Saul had his conversion on the road to Damascus. Wells Guthrie had his conversion on the road home from Burgundy.
The lanky, California maker of pinot noir, chardonnay, and syrah told me at his Sonoma winery that he had his conversion in 2005, after returning from a trip to Burgundy and the Rhone. He tasted the pinot noirs and syrahs he had been making since starting his own label, Copain Wines, in 1999. The wines were made in a big, full-bodied style and had received high scores, including some 95s from Robert Parker. (Wells’ resumé includes working a year at Turley, as well as briefly at Marcassin, and two years with Michel Chapoutier.)
“A light went on,” he says about that January day in 2005 when he returned to Sonoma and tasted his own wines. The older wines from bottle were advancing too rapidly. Friends with Jeremy Seysse (of Domaine Dujac) and Jean-Louis Chave, Wells said he wasn’t sure he would be proud to serve his wines to them; he had to change his style to something more age-worthy, which meant lowering the alcohol and maintaining freshness of the wines. He also mentioned having a 1981 Williams-Selyem Allen Vineyard pinot noir from the Anderson Valley a couple of decades after release and was amazed at the grace with which it aged, describing it as “Jayer-like.”
Meanwhile, he had harvested some of his 2003s at 22.5 Brix (lower sugar level, therefore alcohol) and they tasted leaner. Thus he decided to change his style. He describes his current style as “less is more.” The 2005 vintage was lost to frost for many of his wines so the first vintage of the new regime was 2006 (many of the 2008s were lost too, to smoke this time).
How did such a change in style sit with his mailing list–did he fire all his customers who liked the full-throttle style of the early days? He says that Parker’s influence has diminished and pointed to other influencers such as Allen Meadows, Eric Asimov, John Gilman, and sommelier Raj Parr who like his wines. Though he didn’t outright admit it, I imagine there has been some turnover in his fan base but this new
I tasted some of his exciting and energetic 2009s. The Brosseau chardonnay, a first vintage for him, comes from a vineyard of 35 year-old, own-rooted vines planted on limestone at 1,500 feet elevation in the Chalone AVA. Harvest started August 28, grapes were pressed in whole clusters, and the racy, alluring finished wine (pH: 3.18) sees no new oak.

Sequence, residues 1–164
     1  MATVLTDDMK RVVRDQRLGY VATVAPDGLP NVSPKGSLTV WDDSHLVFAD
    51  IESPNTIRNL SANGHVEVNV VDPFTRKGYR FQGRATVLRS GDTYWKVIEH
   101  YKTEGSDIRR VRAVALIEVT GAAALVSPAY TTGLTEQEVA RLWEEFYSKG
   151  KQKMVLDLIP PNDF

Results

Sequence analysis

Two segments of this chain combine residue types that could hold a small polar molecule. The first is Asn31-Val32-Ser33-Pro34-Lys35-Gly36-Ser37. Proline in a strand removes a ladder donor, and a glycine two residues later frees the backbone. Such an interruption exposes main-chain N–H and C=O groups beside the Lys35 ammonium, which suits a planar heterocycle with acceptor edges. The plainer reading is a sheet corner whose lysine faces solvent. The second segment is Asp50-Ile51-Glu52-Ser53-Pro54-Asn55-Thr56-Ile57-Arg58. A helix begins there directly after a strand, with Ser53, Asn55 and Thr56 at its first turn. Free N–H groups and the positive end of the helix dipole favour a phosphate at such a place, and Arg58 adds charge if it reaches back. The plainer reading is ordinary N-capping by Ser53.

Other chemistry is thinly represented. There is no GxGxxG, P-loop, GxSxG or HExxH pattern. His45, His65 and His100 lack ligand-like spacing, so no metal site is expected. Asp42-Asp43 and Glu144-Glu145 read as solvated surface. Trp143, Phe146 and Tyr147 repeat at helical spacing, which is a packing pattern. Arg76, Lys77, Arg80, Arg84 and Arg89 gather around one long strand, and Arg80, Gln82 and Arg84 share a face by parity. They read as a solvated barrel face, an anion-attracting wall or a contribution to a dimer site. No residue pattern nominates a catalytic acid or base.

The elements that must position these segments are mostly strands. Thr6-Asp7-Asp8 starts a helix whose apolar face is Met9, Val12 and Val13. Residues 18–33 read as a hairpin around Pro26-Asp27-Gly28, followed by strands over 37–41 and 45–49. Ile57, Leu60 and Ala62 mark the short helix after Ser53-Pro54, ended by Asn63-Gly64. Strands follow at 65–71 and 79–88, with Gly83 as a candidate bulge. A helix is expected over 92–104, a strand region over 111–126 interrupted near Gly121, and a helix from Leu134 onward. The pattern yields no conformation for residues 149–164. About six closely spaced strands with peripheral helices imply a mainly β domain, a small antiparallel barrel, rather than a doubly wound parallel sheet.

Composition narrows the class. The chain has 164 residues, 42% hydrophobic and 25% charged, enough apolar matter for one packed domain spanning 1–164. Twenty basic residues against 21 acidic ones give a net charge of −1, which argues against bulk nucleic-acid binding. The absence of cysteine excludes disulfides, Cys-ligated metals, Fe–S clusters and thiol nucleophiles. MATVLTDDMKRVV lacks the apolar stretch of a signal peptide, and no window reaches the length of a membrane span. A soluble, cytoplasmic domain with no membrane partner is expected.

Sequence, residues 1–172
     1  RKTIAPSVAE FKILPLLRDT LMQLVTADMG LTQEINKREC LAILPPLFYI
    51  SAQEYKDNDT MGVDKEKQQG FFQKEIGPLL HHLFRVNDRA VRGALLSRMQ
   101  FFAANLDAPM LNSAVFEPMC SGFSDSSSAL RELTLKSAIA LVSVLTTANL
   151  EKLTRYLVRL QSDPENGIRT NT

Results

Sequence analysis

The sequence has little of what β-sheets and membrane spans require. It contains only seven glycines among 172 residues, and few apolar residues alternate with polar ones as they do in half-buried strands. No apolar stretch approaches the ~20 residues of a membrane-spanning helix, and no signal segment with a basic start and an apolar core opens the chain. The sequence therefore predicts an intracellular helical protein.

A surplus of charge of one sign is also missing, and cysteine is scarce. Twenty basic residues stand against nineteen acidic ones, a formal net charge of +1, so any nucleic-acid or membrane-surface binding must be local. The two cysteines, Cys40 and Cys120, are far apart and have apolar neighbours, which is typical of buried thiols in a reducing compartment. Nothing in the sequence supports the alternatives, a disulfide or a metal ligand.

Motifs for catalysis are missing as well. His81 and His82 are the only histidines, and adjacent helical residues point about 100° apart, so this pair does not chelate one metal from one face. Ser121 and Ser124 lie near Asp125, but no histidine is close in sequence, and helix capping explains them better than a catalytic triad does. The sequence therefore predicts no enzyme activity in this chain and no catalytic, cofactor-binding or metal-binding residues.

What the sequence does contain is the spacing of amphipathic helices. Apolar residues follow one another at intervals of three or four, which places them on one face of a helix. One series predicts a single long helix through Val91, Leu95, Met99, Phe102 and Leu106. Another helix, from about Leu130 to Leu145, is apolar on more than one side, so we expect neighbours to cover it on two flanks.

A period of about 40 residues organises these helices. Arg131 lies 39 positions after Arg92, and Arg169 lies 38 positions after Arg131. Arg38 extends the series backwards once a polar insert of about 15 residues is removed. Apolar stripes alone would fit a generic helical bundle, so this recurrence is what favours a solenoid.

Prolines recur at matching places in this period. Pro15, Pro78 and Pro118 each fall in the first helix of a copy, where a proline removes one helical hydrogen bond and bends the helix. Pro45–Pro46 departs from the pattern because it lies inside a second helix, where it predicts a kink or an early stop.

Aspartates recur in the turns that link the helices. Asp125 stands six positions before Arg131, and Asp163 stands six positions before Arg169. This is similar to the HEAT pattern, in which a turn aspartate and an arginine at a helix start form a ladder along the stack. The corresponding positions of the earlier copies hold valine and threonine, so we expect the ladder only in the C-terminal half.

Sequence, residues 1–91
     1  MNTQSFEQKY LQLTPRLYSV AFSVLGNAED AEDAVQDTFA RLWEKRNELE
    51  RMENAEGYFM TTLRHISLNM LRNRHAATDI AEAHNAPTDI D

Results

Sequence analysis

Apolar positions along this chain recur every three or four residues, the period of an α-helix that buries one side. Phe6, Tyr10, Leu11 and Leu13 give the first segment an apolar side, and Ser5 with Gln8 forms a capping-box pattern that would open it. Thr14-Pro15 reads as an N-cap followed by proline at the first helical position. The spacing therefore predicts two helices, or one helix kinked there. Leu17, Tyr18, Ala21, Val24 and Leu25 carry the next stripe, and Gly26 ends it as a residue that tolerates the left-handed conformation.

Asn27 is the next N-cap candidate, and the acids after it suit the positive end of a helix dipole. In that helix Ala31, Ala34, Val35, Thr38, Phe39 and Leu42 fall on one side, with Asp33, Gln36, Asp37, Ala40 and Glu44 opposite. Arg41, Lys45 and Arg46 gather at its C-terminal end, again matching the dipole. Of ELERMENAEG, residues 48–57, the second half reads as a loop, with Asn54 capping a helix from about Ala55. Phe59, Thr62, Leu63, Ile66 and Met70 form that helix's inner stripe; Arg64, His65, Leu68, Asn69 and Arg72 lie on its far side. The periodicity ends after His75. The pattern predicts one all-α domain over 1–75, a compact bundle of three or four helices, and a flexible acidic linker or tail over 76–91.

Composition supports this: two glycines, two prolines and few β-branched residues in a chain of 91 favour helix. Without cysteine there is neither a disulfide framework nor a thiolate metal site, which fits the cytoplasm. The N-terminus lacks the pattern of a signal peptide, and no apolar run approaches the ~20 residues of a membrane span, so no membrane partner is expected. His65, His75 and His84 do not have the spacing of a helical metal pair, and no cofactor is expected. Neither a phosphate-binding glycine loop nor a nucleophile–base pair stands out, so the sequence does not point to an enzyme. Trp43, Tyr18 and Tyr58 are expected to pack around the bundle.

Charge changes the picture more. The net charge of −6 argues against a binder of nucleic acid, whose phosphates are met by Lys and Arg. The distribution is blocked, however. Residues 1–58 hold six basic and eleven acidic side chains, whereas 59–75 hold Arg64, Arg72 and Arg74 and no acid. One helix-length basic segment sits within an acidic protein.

For the pinots, Wells looked north to cooler Mendocino County, specifically the Anderson Valley. The lineup starts with the really respectable “Tous Ensemble,” which at 12.9% alcohol and $20 retail is that rare find of affordable and tasty pinot. The “Les Voisins” comes from two organically farmed vineyards, sees no sulfur at the crushpad, is 100% destemmed and sees 10% new oak. The tariff is a little higher (about $40) but worthwhile as the wine has more structure, including a particularly fine-grained finish.
Of the various single vineyard pinots, I tasted a duo of Wentzel Vineyard, the 2007 and the 2009 in bottle. The ’07 has excellent depth, bright acidity, and an almost savory, minerally quality rarely seen in new world pinot and an integrated finish. Wells says it tastes better on the second day of being open. It’s hard to believe that the vines here are so young–this was less than their fifth vintage. The ’09 was tighter and more tannic given its youth, but still had a lot of stuffing and balance that bode well for its evolution.
The Monument Tree 2009 from bottle exhibited restrained richness, a hint of oak on the nose, a vibrant mouthfeel, and elegant tannins–really a fine pinot. Sadly, Wells told me that the opportunity recently arose to purchase this site, which he greatly respects. Unfortunately, word came through with short notice while he was on vacation and the vineyard was sold to Silver Oak (Twomey). Copain retains a multi-year lease on the vineyard.
Finally, I tasted the 2009 Kiser “en bas” and “en haut” bottlings. From vines about a decade old, this site (particularly the higher, or “en haut” block, that is really elegant ) merits scrupulous attention from pinotphiles.
Sadly, a 2004 pinot (I don’t recall which vineyard) was corked but it would have been fun to taste the change in winemaking styles in the glass.
A final note, although Copain owns the vineyards surrounding the winery in the Russian River Valley, they sell most of the fruit a (except for a few rows of trousseau rouge). Nonetheless, the newish winery appears ripped from the pages of Pottery Barn, Wine Country edition, and makes for a gorgeous stop on your Sonoma itinerary (call ahead to reserve a spot). Although it’s on Eastside Road, not the road to Damascus, you can taste the conversion with those 2009s.